Thursday, January 17, 2019

Celebrating the Big Show: Haunts of Showbiz


Haunts of Showbiz



          Horror and show business are often intertwined by devilishly inventive creators . . .

           The Phantom of the Opera, familiar in novel and film form, concerns a cast-off fellow named Erik.  After a stint with gypsies in their freak show, Erik moves into the catacombs below the Paris Opera and begins a reign of terror as he searches for the owner of the perfect female voice.


          “Return to the Sabbath,” by horrormeister Robert Bloch, first appeared in 1938.  In this creepy little tale, a film producer tracks down the star of a disturbingly realistic horror film and signs the fellow as his next acting discovery.  Trouble ensues as we discover that the devil worshippers in the original film are real, and want their revenge.  
          The story was adapted in 1964 as “The Sign of Satan” for The Alfred Hitchcock Hour, starring Christopher Lee as the horror actor whose death’s-head role becomes all too true.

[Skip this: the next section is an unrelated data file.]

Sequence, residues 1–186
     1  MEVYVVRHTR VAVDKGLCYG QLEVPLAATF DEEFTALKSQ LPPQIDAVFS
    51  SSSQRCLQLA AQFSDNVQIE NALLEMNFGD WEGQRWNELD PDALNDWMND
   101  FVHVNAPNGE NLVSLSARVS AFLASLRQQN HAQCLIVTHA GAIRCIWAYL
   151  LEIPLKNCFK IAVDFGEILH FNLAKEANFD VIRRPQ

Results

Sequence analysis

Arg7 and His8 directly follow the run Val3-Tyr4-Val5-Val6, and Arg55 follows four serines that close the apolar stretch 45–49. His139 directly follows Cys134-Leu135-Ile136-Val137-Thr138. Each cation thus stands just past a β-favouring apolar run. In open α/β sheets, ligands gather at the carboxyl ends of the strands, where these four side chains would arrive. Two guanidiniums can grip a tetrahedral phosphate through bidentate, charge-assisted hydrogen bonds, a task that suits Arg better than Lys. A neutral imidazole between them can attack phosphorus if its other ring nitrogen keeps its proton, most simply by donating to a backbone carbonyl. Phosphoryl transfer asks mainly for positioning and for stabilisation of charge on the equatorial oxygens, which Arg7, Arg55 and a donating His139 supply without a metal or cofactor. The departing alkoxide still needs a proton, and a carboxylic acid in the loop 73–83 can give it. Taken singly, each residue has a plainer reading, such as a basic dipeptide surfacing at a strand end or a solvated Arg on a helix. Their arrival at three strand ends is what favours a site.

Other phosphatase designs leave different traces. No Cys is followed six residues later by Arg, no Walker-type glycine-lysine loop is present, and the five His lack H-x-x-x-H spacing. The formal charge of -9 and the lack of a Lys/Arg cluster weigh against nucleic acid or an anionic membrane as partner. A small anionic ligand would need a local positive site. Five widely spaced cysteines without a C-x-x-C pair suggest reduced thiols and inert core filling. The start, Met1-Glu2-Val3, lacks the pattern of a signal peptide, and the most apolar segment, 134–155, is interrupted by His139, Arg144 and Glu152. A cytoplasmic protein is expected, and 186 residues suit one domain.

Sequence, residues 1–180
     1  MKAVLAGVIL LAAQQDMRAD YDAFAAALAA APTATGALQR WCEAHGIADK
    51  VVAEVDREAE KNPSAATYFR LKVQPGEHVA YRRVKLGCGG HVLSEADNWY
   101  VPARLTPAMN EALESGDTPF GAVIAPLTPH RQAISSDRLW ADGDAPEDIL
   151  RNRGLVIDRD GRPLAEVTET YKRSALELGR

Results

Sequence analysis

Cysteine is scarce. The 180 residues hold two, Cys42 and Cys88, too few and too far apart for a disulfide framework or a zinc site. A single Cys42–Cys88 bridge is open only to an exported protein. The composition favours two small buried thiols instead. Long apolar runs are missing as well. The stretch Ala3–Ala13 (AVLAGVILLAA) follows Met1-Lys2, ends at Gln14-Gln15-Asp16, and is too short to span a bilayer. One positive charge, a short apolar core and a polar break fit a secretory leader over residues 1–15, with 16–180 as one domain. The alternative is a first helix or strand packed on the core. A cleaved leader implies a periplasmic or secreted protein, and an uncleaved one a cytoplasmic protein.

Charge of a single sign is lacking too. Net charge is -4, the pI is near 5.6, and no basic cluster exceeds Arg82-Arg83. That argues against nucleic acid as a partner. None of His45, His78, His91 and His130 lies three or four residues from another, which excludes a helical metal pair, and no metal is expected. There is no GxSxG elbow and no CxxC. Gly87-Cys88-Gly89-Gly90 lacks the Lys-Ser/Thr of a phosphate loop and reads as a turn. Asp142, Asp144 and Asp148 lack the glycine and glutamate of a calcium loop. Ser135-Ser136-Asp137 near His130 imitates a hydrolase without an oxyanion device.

Fritz Leiber’s 1965 story “Four Ghosts in Hamlet,” first printed in The Magazine of Fantasy and Science Fiction, concerns a traveling company that accrues an extra ghost in the cast while performing Shakespeare, due to some too-successful Ouija board sessions.


           While the trail of deaths that followed Karidian’s Shakespeare Troupe in Star Trek’s 1966 “The Conscience of the King” were decidedly non-supernatural, the uncertainty and suspense conjured by Barry Trivers’s story make for a fun and unsettling hour of sci-fi TV.



          The 1980 horror film Fade to Black features a psychotic movie buff who is spurned by a Marilyn Monroe lookalike.  He decides to take revenge on his boss and other enemies, dressed as early movie starsKarloff’s mummy, Cagney’s Cody Jarrett, and Lugosi’s Dracula, among others.


           Perhaps the ne plus ultra of showbiz horror is Bradford Tatum’s 2016 novel Only the Dead Know Burbank.  It tells the story of Maddy Ulm, an adolescent German girl whose death in the 1918 Spanish Flu epidemic is only the beginning of horrors.  She rises, undead, in a Berlin ravaged by WWI.  After joining a German film company, she singlehandedly creates the templates of film horror as she journeys to Hollywood and Universal Studios.  She cuts the final version of Chaney’s Phantom; her traveling partner, a wounded WWI soldier, inspires Jack Pierce’s design for the Frankenstein Monster.  Maddy also inspires the writer of The Wolf Man, and in other unbelievable ways lays the foundation for the horror-media industry.



Perhaps now, through your knowledge, some of these ghosts have been laid …
  

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